WASHINGTON, D.C. -- Global warming conversations have shifted from whether climate is changing to how we will deal with the inevitable consequences. And the price you pay will depend on where you live and how well you prepare, suggests one of the most detailed studies to date on global warming and its likely effect on human activity.
"Like politics, global climate change is local," said Michael J. Scott, a staff scientist at the Department of Energy's Pacific Northwest National Laboratory in Richland, Wash. "Our behavior where we live must change with the climate if we are to stave off economic and natural catastrophemeet the challenge Mother Nature may hand us in the next few years."
Scott presented findings Sunday from his and colleagues' decade-long case study--on water availability past, present and future in the Yakima River Valley of south-central Washington--at the American Association for the Advancement of Science annual meeting, during a session he organized on adapting to climate change.
The Yakima River Valley is a vast fruit basket, with 370,000 irrigated acres of orchards, vineyards and other crops covering 6,150 square miles from the river's headwaters in the Cascade Range east of Seattle to the Yakima's terminus at the Columbia River in Richland. In a typical year, five reservoirs and stream runoff provide agriculture with 2.7 million acre-feet of water. In aA typical year at mid-century, that amount will be fall an average of 20 to 40 percent.
"The expected losses to agriculture alone in the Yakima Valley over the next several decades will be between $92 million at 2 degrees centigrade warming and $163 million a year at 4 degrees"--or up to nearly a quarter of total current crop value, Scott said.
Those losses will result from a projected are based on shortage of water for irrigation. That water comes from reservoirs and runoff that are, in turn, tied directly to the amount of snow that accumulates in the Cascades over the winter, the snowpack.
Scott, a natural resources economist, and colleagues at PNNL and Washington State University extrapolated the effects of warming to the region by applying data from bad drought seasons going back 80 years to computer projections of diminishing snowpack this century. Models predict up to 70 percent reduction in snowpack for the entire West Coast, including the Cascades.
The model they ran s runs assumed no change in precipitation. The key is availability of water when it is needed, not just for agriculture but also for salmon runs and municipal water supplies. In wet years, flood control by letting water out of reservoirs comes into play. The entire system is predicated on water being stored as snow in the mountains becoming available in spring with the thaw.
Scott has pinned many of those drought years to El Niño, a disruption of the ocean-atmosphere system in the Tropical Pacific that affects global weather and climate. We have learned from El Niño that small things we can control can help with big things that we cannot, he said.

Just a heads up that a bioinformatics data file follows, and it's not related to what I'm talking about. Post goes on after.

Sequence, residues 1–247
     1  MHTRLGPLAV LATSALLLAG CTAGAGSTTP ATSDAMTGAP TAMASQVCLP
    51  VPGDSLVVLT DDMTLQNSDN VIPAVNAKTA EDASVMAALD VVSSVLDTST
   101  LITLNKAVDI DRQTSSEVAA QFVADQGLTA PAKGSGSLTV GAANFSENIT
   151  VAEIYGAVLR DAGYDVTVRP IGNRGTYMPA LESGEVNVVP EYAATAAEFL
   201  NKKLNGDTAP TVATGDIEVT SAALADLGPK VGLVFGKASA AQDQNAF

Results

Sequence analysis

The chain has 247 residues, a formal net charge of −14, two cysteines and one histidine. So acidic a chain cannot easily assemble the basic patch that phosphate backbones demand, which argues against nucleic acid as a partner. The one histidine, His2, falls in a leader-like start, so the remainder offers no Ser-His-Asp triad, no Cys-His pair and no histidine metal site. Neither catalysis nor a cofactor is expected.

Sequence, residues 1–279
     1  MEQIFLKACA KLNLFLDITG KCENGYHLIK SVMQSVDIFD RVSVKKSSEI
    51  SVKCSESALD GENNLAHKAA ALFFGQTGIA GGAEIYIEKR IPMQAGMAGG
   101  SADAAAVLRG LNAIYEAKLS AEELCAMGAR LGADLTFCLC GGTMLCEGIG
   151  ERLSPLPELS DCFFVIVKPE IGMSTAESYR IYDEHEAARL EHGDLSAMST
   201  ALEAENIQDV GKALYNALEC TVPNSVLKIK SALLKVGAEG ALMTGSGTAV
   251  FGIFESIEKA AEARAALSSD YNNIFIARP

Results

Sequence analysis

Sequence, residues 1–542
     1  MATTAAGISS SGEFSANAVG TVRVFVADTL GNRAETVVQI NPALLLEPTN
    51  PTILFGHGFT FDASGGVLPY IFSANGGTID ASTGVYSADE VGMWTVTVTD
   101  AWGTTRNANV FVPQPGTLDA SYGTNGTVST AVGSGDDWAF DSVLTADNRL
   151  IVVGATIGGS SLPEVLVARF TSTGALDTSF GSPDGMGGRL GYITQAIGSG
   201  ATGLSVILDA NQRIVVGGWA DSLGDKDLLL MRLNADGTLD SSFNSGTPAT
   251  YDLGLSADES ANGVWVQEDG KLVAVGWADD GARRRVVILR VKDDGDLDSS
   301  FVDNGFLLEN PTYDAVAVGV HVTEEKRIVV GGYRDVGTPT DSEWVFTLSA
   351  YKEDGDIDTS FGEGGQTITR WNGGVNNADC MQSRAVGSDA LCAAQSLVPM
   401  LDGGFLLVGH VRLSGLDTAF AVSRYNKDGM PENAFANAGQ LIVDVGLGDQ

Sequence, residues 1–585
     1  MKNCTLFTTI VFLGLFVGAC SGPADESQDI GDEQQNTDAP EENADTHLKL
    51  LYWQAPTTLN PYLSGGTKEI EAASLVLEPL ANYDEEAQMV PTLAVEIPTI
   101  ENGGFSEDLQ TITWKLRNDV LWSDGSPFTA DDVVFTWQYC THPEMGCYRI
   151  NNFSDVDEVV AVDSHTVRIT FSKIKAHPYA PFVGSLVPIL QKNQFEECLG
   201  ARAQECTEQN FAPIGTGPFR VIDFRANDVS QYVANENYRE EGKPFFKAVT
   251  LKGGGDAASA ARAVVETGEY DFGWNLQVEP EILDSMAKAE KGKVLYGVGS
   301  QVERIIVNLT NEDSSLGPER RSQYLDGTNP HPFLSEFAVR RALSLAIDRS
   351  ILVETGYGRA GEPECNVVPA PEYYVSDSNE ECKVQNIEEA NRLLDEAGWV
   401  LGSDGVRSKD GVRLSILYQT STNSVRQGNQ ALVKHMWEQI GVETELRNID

For example, seasonal climate forecasts enable several months' warning that could prevent millions in losses, Scott said. In a typical El Niño year like this one, water managers who monitor reservoir and snowpack levels can assay the likelihood of a coming shortage before January. Unless it snows and rains excessively between now and April (when the official water-availability forecast is made public by the federal Bureau of Reclamation) we can expect water shortages in the Yakima Valley.
This information can be put to good use if it comes early enough. If, say, a farmer in an irrigation district that is low in the pecking order--there is a crazy quilt of water districts, and water claims are based on district seniority--knows the spigot will run dry during the coming growing season, he or she can choose to sit out the year. Or that farmer's district can strike a deal with more senior districts to buy their water at a premium and farmers in the senior districts can let low-value crops like alfalfa go fallow, Scott said.
El Niño occurs roughly every three to seven years. If there were no El Niño, a severe drought would occur every roughly one year in 50 years. Add El Niño to the mix, and the average frequency for severe drought rises to 1 in 7. The El Niño years themselves average a severe drought year in every three. By conservative estimates, global warming will approximate El Niño severe drought conditions "one every two years," Scott said.
With this information, policymakers and farmers can plan ways to adjust practices not just for the next season but for the next several decades. Mitigations can be costly and contentious, such as a proposal to divert water from the Columbia River over the Saddle Mountains into the Yakima Valley (estimated cost: $3.5 billion, but even this is moving target). More modest and widespread measures could include improved water conservation, water trading and moving up planting and harvesting dates or switching from apples and other water-loving fruits to grapes, which do better than apples on less water.
"You're not going to grow apples if you're getting clobbered one season in two," Scott noted. "But you have to plan. It can take years to establish a new crop like grapes."
Scott's study has received funding from the National Oceanic and Atmospheric Administration and the Environmental Protection Agency.
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